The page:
Well, a not unexpected muddle of thinking by a non-expert but a disappointing level of thought for a government minister. Presumably, civil servants and colleagues are giving him enough rope to hang himself with or are too busy with Brexit to notice or care?
Firstly, one is a primarily commercial structure likely to be rebuilt or remodelled to meet other needs within another generation. The other a government institution intended and budgeted to last 200 years or more.
Secondly, the Greek tradition was raised from the dead during the mid-C18th Enlightenment as a challenge to the baroque tastes of absolute monarchy. At first, resisted for its plain and ugly repetition to what we think today as 'organic medieval accretions' it took a generation of learning to acquire its taste by conflating it with enlightened thinking before being accepted. Independent America adopted it with vigour as you would expect, Europe later with its revolutions. It's still a matter of learned tastes at the end of the day.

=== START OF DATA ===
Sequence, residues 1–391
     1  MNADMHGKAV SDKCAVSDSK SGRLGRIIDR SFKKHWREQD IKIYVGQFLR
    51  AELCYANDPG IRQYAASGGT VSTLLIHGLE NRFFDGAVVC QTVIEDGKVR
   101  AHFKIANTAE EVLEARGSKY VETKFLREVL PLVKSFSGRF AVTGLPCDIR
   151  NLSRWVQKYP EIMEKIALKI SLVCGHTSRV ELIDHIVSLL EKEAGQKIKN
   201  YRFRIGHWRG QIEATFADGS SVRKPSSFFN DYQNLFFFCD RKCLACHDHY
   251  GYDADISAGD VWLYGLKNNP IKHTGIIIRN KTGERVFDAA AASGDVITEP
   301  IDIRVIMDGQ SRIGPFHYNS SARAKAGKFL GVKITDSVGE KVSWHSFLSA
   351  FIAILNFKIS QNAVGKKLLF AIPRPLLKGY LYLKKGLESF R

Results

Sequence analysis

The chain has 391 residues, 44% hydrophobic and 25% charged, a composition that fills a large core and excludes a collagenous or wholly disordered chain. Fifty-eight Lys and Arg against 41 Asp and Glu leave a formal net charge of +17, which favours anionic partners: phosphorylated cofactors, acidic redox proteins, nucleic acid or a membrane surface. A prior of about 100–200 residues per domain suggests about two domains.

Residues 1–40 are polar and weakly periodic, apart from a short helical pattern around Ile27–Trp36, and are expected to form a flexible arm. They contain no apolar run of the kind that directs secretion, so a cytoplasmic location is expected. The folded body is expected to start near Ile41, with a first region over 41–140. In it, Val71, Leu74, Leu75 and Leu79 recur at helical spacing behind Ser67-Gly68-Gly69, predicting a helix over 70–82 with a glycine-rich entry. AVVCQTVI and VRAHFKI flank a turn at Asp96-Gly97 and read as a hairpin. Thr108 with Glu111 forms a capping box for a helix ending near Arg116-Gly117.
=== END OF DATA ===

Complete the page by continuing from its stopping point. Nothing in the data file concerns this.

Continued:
Perhaps we're seeing the first steps of the Ministry of Taste with specialist advisors Roger Scruton et al? Like multiculturalism, you can't pretend it doesn't exist or try and crush it out of immigrants. Indeed as the worst of right-wing thinking fears alternative ideas infect our somewhat deluded sense fo purity and we tend to be the better for it. Some are no doubt confused and concerned, it's for those in a position of responsibility to have an outlook that can appreciate a plural world, where and how design can best be applied. Not make ill-founded comparisons to judge what is "degenerate art and architecture".